Background and aim
Understanding the barriers to programme use is important to facilitate implementation of injury prevention programmes in real-word settings. This study investigated the barriers to coaches of adolescent female soccer teams, in Victoria, Australia, implementing the evidence-based FIFA 11+ injury prevention programme.
Concept mapping with data collected from 19 soccer coaches and administrators.
Brainstorming generated 65 statements as barriers to 11+ implementation. After the statements were synthesised and edited, participants sorted 59 statements into groups (mean, 6.2 groups; range, 3–10 groups). Multidimensional scaling and hierarchical cluster analysis identified a six-cluster solution: Lack of 11+ knowledge among coaches (15 statements), Lack of player enjoyment and engagement (14), Lack of link to football-related goals (11), Lack of facilities and resources (8), Lack of leadership (6) and Lack of time at training (5). Statements in the ‘Lack of 11+ knowledge among coaches’ cluster received the highest mean importance (3.67 out of 5) and feasibility for the Football Federation to address (3.20) rating. Statements in the ‘Lack of facilities and resources’ cluster received the lowest mean importance rating (2.23), while statements in the ‘Lack of time at training’ cluster received the lowest mean feasibility rating (2.19).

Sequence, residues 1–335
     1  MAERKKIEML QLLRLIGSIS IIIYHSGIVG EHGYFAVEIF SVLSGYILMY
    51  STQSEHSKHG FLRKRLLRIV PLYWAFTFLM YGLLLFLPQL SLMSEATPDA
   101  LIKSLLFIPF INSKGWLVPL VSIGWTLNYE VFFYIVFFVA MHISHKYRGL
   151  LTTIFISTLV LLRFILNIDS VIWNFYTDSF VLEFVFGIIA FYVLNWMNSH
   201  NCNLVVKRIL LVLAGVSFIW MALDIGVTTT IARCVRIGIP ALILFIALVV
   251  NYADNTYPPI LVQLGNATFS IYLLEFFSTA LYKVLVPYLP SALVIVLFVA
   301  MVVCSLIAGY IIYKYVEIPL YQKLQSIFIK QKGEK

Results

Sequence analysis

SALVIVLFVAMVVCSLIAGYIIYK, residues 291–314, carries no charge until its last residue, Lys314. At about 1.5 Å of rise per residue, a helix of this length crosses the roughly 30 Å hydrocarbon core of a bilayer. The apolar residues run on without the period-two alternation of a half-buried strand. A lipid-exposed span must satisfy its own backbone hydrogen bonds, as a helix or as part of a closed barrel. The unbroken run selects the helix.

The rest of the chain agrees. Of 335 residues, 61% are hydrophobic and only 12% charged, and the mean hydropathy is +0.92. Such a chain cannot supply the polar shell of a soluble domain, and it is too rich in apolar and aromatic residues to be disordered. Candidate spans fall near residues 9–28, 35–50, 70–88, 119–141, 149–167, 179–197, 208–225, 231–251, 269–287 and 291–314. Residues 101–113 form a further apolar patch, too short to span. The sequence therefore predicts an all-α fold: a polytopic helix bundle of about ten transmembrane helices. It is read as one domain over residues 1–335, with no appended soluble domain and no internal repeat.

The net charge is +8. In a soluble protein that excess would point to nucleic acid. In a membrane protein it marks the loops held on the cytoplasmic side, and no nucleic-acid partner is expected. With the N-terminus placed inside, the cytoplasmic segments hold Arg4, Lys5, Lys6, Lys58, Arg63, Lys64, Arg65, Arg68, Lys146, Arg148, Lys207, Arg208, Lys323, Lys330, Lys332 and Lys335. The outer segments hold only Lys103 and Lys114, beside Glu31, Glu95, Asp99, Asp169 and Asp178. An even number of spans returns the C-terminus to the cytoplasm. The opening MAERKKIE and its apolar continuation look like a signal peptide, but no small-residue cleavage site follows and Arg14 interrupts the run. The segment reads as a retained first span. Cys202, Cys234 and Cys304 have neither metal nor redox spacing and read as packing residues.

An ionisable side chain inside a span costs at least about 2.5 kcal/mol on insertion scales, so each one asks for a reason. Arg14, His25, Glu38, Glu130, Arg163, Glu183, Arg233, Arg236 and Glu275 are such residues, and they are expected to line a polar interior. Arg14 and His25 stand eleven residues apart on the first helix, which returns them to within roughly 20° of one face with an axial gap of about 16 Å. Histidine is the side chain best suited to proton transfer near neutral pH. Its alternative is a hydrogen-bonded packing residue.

A multistrategy, ecological approach to implementing the 11+—with specific attention paid to improving coach knowledge about the 11+ and how to implement it, linking the 11+ to the primary goal of soccer training, and organisational leadership—is required to improve the uptake of the 11+ among the targeted coaches.